How does Cyprus fair?
What type of jurisdiction is Cyprus?
Before we can start to compare Cyprus to other jurisdictions we should first understand which type of jurisdiction Cyprus falls into. Without over complicating it there are 3 general types of jurisdiction: high tax, low tax and no tax (often called Tax havens). We should say this is a very grey area as there are no set guide lines or brackets. Zero tax jurisdictions are pretty clear; the difficulty comes from the line between low and high tax jurisdictions. We tend to think that a corporate tax rate of 20% and below is a low tax jurisdiction whilst anything above that mark could be considered as a high tax jurisdiction. The corporate tax rate of Cyprus is 12.5% so we could call Cyprus a low tax jurisdiction.
Comparing Cyprus to High tax jurisdictions.
Firstly you may well ask “who would want to use a high tax jurisdiction?” let us give you some examples of High tax jurisdictions and things may seem a little clearer. Australia at 30%, Austria at 25%, Canada at 26.5%, France at 33.33%, Germany at 29.58%, Italy at 31.4%, Japan 35.64%, UK at 21% and the USA at 40%. (Source: KPMG)
As you can see the vast majority of high tax jurisdictions are in well developed countries. If we were to ask the question again “who would want to use a high tax jurisdiction?” we could now give some logical reasons; firstly, there is a certain amount of prestige to owning a company in let’s say New York, London or Berlin. Secondly, the infrastructure and/or market may be needed for the business to be sustained. Thirdly, if you wish to trade/work with a certain country, they may require that you have operations at least in the region. As you can see many of the high tax jurisdictions are in Europe and if not these are countries that are happy to deal with European business. Cyprus has been a member of the EU since 2004. The infrastructure as far as banking, legal, transportation, storage etc, in Cyprus is easily on par with that of any other city in Europe. Whilst it is not quite as prestigious as some cities, Cyprus and its cities are rapidly catching up, and with the natural resources that have been discovered Cyprus is set for a makeover.
Comparing Cyprus to tax havens
To give some examples of 0% tax jurisdiction (tax havens): BVI, Belize, Seychelles, Marshall Islands and Panama. The advantage of a 0% tax jurisdiction is pretty clear, you pay 0% tax. But this is actually taking advantage of loop holes in legislation, as we all know these loop holes are continually being closed. Not only are tax havens coming under ever intensifying scrutiny from governments, but financial governing bodies are constantly publishing their “black lists”. Should your jurisdiction be on a black list it is much harder to operate with other bodies such as financial ones, which banks are happy to work with a tax haven on a black list? Not too many. Substance is a word that is becoming more common in the taxation industry. Substance means something real, tangible things that you can see and feel such as an office, staff, or at least phone lines. If your geography is any good you will see a trend in the usual tax havens, that is they all tend to be countries with very little infrastructure and nothing in the way of high rise office buildings, this all leads to a very obvious short fall on the subject of substance. Cyprus is not on any black lists and has many Double Taxation Treaties, and as mentioned before it has great infrastructure meaning it’s possible to find substance for any budget.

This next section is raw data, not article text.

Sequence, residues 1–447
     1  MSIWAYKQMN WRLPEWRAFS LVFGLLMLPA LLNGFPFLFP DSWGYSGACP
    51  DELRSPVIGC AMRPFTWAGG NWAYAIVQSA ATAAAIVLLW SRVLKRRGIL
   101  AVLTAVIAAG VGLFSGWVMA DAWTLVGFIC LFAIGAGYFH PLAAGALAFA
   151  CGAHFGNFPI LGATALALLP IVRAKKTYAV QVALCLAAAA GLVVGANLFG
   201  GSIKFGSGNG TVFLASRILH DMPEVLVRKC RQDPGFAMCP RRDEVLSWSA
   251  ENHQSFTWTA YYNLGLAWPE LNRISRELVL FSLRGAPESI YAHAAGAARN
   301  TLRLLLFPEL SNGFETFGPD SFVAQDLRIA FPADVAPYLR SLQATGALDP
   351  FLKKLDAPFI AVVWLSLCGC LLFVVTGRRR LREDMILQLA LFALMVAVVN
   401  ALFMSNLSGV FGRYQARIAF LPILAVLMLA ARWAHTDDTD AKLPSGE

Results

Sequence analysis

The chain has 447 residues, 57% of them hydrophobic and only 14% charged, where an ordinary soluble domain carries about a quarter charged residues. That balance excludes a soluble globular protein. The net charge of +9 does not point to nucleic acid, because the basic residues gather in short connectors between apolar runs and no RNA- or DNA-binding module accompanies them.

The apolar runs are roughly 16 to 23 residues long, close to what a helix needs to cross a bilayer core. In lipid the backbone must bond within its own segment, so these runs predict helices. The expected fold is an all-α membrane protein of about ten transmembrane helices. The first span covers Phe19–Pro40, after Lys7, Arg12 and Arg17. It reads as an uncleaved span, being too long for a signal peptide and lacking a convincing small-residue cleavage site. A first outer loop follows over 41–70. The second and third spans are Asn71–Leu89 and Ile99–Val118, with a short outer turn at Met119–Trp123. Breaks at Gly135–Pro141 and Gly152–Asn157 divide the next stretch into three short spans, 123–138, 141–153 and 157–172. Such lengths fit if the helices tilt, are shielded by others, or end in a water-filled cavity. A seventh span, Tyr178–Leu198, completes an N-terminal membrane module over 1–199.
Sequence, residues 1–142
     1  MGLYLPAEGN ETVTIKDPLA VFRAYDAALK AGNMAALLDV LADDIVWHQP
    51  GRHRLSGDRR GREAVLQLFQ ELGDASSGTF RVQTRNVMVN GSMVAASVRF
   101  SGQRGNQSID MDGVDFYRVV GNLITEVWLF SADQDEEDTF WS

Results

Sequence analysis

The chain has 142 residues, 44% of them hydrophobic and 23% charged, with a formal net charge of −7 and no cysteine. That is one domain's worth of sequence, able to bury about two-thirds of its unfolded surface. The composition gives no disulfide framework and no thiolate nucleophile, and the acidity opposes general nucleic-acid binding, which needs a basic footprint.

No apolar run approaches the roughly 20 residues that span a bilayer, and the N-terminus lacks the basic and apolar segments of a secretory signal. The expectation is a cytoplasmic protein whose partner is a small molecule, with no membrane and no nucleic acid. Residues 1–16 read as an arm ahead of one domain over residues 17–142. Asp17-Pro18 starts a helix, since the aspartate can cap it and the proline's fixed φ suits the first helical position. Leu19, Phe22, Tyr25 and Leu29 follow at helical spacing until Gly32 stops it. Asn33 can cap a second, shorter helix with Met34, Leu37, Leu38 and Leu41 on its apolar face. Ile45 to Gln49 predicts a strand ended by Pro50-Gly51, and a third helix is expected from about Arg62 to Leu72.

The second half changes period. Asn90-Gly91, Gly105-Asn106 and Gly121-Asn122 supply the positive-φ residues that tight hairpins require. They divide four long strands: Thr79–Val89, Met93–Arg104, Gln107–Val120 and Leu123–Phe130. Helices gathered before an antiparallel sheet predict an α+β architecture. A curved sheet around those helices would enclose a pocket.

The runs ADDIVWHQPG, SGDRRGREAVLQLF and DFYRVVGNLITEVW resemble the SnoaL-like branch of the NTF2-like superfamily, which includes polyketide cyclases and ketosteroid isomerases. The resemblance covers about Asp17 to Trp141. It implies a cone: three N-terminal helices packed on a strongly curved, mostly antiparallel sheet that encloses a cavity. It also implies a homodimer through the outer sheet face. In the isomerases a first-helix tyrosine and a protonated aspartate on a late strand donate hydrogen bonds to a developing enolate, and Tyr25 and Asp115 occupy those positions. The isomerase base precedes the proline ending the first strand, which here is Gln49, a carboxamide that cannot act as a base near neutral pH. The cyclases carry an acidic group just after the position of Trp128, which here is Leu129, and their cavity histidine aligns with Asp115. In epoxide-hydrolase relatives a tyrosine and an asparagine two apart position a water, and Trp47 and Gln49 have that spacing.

Compare Cyprus to low tax jurisdictions
Some examples of low tax jurisdictions and their corporate tax rate are: Bulgaria 10%, Czech Republic 19%, Gibraltar 10%, and Latvia 15%. We have deliberately given European countries as examples but there are other low tax jurisdictions outside of the EU, we did not use them as they are at a clear disadvantage immediately. To compare these jurisdictions you must look at many aspects of each particular jurisdiction, as in one you may have an advantage here and in another an advantage there, but in a general comparison to these other jurisdictions we will give you some of the main benefits to using Cyprus. There are very few places that have as lower corporate tax rate as Cyprus, but Cyprus’ other taxes are also somewhat appealing, a great example of this is its inheritance tax, which is currently 0%. Cyprus has well over 50 Double Taxation Agreements. English is commonly used and legal documents are accepted in both Greek and English, this also applies to the banks and their customer services, websites, e-banking etc. The currency used is the Euro. The law is based on UK common law which was inherited when the British handed over the island to the people of Cyprus in the early 60’s. Cyprus has 4 major cities the two largest being Limassol and Nicosia (the capital) both of which have thriving business centers with superb infrastructure. The island has two international airports with flights globally making travel exceptionally easy. The geographical location puts Cyprus in a perfect position in between Europe, Africa, the Middle East and Asia meaning you have good opportunities to work with all of them. If you decide to emigrate to Cyprus in the future it has a straight forward system of immigration. If all this was not enough, Cyprus boosts the best weather in Europe with 340 days of sunshine a year!